New Type98/99 MBT thread


dawn_strike

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The Type-99 was created in preparation for large-scale tank battles and head-to-head tank battles. Therefore its front armor was very thick, side armor was thin

VT-4 developed for export purposes, it has been redesigned to be sleeker, lighter, highly maneuverable and has comprehensive protection on all sides, suitable for urban battles.

China's military doctrine is to avoid bringing tanks into the city, so they don't care about side armor and active protection.
They don't care about side armor and active protection (x)
They compensate some protection so that the weight would be around 55tons and the budget would not be too high (√)
 

dawn_strike

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Back in the 200x~2010 when 99A was in development, if u are the PLA and u notice more than half of ur land neighbours still operate something like improved Pa'tck in the 200x~2010 when 99A was in development, if u are the PLA and u notice more than half of ur land neighbours still operate something like improved Pattons or T54s, T72s and Mango, u will as well find 99A good enough.
Countering M1A2C or L2A6/A7+? Nah perhaps PLA really did not consider such senario, after all they are not planning on assaulting Europe or something.
The introduction of M1A2T or India buying T90M may give them some motivation though.
 

FangYuan

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The Chinese appreciate the Leopard 2a7 and M1A2 for internal space and tank comfort. If this does not affect the weight and cost of the Type-99a, China could also follow the development direction of Germany and the US.

The Type-96 is lightweight and inexpensive, simple, easy to use, and it can be easily manufactured and upgraded.

The Type-99 has a very thick front armor that makes it an advantage in tank battles. The main problem is that it is complicated, heavy, and expensive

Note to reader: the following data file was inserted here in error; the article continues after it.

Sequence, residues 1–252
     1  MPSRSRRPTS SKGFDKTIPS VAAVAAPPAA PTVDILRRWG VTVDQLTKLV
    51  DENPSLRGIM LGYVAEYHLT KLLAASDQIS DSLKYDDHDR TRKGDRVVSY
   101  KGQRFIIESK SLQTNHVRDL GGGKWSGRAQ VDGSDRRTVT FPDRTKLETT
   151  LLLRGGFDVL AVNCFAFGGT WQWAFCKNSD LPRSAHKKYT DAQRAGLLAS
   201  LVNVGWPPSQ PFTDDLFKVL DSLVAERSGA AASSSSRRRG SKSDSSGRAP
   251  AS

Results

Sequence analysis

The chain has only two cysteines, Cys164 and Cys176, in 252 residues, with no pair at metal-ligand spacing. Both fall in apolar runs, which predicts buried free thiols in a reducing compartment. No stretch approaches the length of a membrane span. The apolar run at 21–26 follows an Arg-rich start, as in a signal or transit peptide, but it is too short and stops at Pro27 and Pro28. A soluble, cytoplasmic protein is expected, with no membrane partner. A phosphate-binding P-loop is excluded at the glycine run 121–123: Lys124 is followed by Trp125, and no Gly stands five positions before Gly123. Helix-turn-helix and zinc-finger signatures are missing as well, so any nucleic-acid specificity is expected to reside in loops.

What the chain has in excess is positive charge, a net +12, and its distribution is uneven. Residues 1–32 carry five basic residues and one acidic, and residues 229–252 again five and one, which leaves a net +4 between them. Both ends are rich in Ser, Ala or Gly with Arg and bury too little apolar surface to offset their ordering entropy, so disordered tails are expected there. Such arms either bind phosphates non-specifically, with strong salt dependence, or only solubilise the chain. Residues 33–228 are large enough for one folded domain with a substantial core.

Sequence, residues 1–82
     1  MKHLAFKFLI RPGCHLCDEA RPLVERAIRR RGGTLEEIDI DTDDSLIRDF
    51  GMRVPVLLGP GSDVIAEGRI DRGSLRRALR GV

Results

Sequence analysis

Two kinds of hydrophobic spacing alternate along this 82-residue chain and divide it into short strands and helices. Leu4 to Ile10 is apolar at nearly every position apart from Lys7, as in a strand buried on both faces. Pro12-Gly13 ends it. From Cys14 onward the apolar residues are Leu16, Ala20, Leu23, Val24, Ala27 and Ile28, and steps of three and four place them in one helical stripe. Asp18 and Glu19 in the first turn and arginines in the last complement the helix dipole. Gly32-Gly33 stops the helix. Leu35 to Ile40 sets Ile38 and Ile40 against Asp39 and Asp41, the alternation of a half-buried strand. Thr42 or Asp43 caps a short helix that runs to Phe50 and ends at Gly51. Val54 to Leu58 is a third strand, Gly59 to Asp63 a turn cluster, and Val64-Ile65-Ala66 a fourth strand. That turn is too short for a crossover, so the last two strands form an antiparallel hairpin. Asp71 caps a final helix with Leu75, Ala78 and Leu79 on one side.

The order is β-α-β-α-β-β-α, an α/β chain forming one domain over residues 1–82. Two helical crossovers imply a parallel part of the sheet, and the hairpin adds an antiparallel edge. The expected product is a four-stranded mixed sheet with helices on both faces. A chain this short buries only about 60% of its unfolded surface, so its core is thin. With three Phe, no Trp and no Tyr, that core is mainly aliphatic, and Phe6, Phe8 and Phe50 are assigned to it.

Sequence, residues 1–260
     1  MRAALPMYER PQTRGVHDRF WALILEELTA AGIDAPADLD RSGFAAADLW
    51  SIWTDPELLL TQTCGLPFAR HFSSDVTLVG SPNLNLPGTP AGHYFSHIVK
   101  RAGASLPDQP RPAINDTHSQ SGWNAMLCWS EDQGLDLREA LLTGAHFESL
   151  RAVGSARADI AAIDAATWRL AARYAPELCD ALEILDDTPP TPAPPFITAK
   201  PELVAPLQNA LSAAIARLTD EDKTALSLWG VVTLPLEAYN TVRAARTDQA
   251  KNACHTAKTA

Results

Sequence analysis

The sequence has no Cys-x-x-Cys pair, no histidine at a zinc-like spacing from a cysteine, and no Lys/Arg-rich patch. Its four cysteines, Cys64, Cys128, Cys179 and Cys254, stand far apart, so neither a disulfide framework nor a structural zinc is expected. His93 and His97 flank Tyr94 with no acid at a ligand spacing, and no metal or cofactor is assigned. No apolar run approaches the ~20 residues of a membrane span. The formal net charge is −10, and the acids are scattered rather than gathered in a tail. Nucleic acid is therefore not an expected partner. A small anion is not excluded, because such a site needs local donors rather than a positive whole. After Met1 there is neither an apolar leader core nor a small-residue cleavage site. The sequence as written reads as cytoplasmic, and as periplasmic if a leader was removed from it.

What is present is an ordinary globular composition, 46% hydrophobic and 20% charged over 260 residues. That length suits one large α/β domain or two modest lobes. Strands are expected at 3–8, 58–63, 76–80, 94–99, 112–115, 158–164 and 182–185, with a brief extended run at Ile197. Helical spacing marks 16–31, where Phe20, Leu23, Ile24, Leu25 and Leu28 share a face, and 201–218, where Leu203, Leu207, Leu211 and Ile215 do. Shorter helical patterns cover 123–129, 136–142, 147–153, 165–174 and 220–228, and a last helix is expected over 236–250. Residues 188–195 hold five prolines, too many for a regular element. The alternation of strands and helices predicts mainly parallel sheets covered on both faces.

VT-4 inherits the advantages of Type-96 and Type-99. It's modern, strong, not too heavy, with perfect protection on all sides. Of course, it's also much more expensive and complicated than the Type-96, and the front end protection isn't as strong as the Type-99a.
 

LawLeadsToPeace

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Back in the 200x~2010 when 99A was in development, if u are the PLA and u notice more than half of ur land neighbours still operate something like improved Pa'tck in the 200x~2010 when 99A was in development, if u are the PLA and u notice more than half of ur land neighbours still operate something like improved Pattons or T54s, T72s and Mango, u will as well find 99A good enough.
Countering M1A2C or L2A6/A7+? Nah perhaps PLA really did not consider such senario, after all they are not planning on assaulting Europe or something.
The introduction of M1A2T or India buying T90M may give them some motivation though.
However the Russians were operating T90's during that era. Also the Russian-Chinese relationship was as good as the SEA nations' relationship with China at that time, and that relationship was meh. By your logic in regards to motivation, the Chinese would have been motivated by the Russians in that regard, but that contradicts your main statement. I definitely agree with the operational and manufacture costs aspect though. The Chinese economy during that time wasnt as good as that of today. Plus, based on the videos the Chinese media publish and like what @FangYuan suggested, the Chinese's usage of tanks seems to be based on the view that tanks will fight in head to head battles thanks to their terrain. That would explain why the ztq 15 doesnt have era on its sides despite the uptick in defense spending. So in short, money and doctrine are some of the reasons why the 99A's sides are really exposed.